• Jacket (x1 blue; x1 gray)
  • Socks
  • Belt
  • Watch
  • Pom Pom Hat
  • Jogging Shirt (x1 blue; x1 gray)
  • Jogging Pants (x1 black; x1 gray)
  • Gloves
  • Pajamas
  • Boxers 
  • Swim Trunks
  • Gillette Deodorant (x6)
  • Electric Toothbrush (x1)
  • Sensodyne Toothpaste (x pack)
  • Listerine (x pack)
  • Pepto Bismal(x lol idk)
  • Nail Clipper (x1)
  • Floss Wands (x pack)
  • Poker Chips
  • Bible
  • Batteries
  • Caribiner (x2)
  • Casino Playing Cards
  • Collapsible Pull Up Bar 
  • American Flag
  • USA Map
  • State Map
  • Family Photos 
  • Photos Around Town
  • Batman Plushie
  • Eye glasses x2
Japanese Reference

Anyway, I have been researching iPhone 4 offerings and plans in Japan. I plan on getting an iPhone 4 largely for its camera, GPS, and video conferencing with friends and family. SoftBank solely sells iPhones in Japan. iPhone 4 go for $500 and $624 (16g and 32g respectively). The price more than doubles US offerings of $199 and $299. SoftBank offers a monthly bill discount of 1920¥ ($23) in the 32g unlimited 24month data plan (the value plan) to "defray" the initial phone costs. According to the previously linked article, the money saved over 24 months with the discounted data plan amounts to 46080¥ ($559): the article argues that in a sense, a person effectively pays $125 for the iPhone4 32g. Still, this is a suspect suggestion because over the course of 24 months, a person still must pay the $30 data/calling plan. So, $30x24months=$720 after 24 months. Then, $720+$624 (iPhone 32g)=$1344. Very pricey. Still, compared to the US offering of $299 32g for $114 (AT&T 4g data plan and unlimited calling): $114x24months=$2736. $2736+$229 (iPhone 32g)= $2965. Much pricier.

As an aside, avoid T1/Mcall providers. An ALT friend relayed how many other ALTS found themselves wanting out and hit with a weighty cancellation fee.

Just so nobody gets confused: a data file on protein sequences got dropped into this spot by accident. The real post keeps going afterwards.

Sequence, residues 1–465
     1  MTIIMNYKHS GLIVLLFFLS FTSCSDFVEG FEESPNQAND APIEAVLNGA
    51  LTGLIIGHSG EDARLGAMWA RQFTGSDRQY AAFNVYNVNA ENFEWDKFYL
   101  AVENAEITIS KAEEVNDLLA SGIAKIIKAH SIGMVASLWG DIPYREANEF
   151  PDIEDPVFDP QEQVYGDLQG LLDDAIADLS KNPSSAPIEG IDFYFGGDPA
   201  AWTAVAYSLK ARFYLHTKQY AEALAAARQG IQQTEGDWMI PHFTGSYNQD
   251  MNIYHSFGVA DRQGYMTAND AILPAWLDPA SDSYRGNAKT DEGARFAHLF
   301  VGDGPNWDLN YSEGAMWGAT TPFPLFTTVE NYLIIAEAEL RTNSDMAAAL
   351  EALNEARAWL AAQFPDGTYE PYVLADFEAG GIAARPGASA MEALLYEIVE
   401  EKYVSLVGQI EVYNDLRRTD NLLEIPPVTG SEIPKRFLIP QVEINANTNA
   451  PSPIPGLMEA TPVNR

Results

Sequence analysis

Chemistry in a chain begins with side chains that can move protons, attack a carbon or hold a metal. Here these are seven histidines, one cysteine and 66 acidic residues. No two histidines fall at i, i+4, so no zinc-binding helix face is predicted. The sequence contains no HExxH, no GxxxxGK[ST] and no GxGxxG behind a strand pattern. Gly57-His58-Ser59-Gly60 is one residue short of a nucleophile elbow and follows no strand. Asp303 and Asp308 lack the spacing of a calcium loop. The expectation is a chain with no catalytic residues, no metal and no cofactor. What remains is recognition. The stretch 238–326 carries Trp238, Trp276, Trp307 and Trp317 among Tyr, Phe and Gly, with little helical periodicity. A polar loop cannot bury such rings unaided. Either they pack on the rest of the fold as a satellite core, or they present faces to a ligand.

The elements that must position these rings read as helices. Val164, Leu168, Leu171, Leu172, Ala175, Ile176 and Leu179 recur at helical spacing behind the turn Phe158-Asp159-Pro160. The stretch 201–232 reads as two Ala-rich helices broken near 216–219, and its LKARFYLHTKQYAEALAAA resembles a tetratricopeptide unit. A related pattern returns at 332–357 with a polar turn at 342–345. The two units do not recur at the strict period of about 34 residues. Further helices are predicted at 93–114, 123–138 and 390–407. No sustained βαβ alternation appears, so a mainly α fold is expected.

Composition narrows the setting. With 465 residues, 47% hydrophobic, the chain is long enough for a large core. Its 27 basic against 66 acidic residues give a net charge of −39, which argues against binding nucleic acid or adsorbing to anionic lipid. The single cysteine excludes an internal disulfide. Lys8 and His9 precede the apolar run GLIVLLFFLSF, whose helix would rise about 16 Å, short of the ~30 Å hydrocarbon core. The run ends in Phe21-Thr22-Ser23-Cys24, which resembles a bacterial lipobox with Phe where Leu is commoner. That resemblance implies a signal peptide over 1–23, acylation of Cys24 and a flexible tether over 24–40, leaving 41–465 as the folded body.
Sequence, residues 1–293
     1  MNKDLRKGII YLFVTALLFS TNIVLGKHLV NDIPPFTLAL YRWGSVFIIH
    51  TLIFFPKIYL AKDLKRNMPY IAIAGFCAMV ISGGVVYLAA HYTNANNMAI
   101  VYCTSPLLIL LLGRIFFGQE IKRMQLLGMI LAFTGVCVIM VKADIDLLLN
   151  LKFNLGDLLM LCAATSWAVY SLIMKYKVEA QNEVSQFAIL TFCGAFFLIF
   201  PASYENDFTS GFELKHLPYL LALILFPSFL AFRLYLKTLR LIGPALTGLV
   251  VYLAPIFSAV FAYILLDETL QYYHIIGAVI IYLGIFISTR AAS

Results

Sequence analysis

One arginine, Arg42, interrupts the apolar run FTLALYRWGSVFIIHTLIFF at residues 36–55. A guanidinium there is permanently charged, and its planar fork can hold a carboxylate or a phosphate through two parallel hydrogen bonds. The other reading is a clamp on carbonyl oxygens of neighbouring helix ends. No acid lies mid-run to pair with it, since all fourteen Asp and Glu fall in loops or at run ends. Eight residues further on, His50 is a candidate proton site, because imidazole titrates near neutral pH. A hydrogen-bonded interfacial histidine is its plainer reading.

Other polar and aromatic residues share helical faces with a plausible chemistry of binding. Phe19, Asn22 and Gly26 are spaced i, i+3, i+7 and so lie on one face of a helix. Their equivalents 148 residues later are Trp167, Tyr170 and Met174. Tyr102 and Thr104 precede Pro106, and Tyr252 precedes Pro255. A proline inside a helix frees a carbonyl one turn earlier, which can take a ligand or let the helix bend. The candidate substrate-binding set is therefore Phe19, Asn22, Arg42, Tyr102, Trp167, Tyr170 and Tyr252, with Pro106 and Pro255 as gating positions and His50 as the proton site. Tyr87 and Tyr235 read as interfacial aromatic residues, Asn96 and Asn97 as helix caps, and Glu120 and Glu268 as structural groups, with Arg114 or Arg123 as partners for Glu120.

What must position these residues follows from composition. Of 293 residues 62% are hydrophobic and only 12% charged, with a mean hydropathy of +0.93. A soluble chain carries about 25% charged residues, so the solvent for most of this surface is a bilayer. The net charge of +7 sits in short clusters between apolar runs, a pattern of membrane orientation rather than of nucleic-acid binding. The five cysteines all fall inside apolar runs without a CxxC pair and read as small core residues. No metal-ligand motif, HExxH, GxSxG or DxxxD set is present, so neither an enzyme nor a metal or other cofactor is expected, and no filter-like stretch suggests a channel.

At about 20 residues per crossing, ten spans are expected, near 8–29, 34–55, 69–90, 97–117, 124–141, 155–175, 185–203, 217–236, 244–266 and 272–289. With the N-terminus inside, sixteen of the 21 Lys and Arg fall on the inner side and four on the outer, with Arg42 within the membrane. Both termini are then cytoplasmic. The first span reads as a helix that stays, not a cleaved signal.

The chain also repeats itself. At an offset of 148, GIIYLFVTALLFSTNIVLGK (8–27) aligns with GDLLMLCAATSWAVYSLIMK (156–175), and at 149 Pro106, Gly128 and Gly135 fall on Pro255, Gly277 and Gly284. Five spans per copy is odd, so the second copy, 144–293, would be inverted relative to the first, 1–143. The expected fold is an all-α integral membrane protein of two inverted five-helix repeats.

The packing list and the number crunching makes me appreciate just how difficult and expensive immigration is. Much respect and admiration to my parents and the many unsung immigrants past and present.

Wednesday, March 2, 2011

Captain's Log: 3000.6 (part the 2)

Previously on Dexter


October 16th 2010 (Part the 2). Anyway, the presentations briskly proceeded.  If I correctly recall, the presentation part lasted for an hour or so because our orientation only had eight applicants. After the last person finished, our recruiter convened for break asking every individual applicant to come back later for personal interviews--part three. The recruiter slotted me for 2:45 pm, so a bunch of us hopefuls decided to eat out while waiting. Between sobs and slurps, we vented over our perceived failures: "Oh, I failed the grammar test", "Oh, I didn't smile enough", and the occasional "SHIT".  Oh I forgot to mention that the recruiter gave us Myers-Briggs questionnaires to complete before our personal interviews. So, on top of sobbing and swearing, we  worked on our questionnaires. We played a sort of mind game with the questionnaires, trying to psych out the piece of paper with answers we thought THEY wanted us to answer: eg. one girl purposefully answering affirmative to all the obviously extrovert questions but always marking  a few introvert answers to not appear "too gregarious". Anyway after an hour or so, we headed back to the information session and waited. Eventually my interview came up and we exchanged goodbyes. Now, the personal interview was surprisingly chill. The recruiter asked "why Japan?", "Are you holistically prepared?", and other standard HR questions; but more often than not, she and I found ourselves loudly laughing. */sigh* typing tires me. /cop out. Fast forward ten days and Interac sent me an email congratulating me and wishing to hire me.

Late October 2010-Today, Now, This Moment. After restlessly waiting a good 5 months, I now find myself 19 days away from leaving for Japan. Anxiety often grips me. Still I sometime surprise myself, girding up courage not unlike a salty whaling captain in tumult-tossed sea legless-ly steering into a volcano. The following are the confirmed aspects of my assignment:

Placement: Futtsu-shi elementary schools
Accommodation: neighboring Kimitsu-shi; LeoPalace apartment
Driving: Yes
Start: April 1st

I am very stoked about my placement. I live near the countryside; Tokyo (wary I am to visit it) is a hop, skip, and a jump away; and the beaches! As much as I admire/love the Nevada desert crapshoot climate, I relish the idea of lazily sunbathing or clam digging weekends.